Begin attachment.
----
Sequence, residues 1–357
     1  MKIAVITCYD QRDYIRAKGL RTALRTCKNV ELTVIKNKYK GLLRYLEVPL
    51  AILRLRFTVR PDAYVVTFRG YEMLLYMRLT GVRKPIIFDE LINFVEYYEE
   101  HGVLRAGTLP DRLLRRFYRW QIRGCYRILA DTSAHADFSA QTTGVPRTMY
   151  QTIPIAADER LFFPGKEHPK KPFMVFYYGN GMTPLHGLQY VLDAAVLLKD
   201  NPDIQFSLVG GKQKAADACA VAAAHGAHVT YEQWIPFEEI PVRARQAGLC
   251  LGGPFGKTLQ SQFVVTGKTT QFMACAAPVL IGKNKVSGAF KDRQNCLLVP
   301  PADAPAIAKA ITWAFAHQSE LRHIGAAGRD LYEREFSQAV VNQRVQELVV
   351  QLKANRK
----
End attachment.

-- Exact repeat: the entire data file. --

Sequence, residues 1–357
     1  MKIAVITCYD QRDYIRAKGL RTALRTCKNV ELTVIKNKYK GLLRYLEVPL
    51  AILRLRFTVR PDAYVVTFRG YEMLLYMRLT GVRKPIIFDE LINFVEYYEE
   101  HGVLRAGTLP DRLLRRFYRW QIRGCYRILA DTSAHADFSA QTTGVPRTMY
   151  QTIPIAADER LFFPGKEHPK KPFMVFYYGN GMTPLHGLQY VLDAAVLLKD
   201  NPDIQFSLVG GKQKAADACA VAAAHGAHVT YEQWIPFEEI PVRARQAGLC
   251  LGGPFGKTLQ SQFVVTGKTT QFMACAAPVL IGKNKVSGAF KDRQNCLLVP
   301  PADAPAIAKA ITWAFAHQSE LRHIGAAGRD LYEREFSQAV VNQRVQELVV
   351  QLKANRK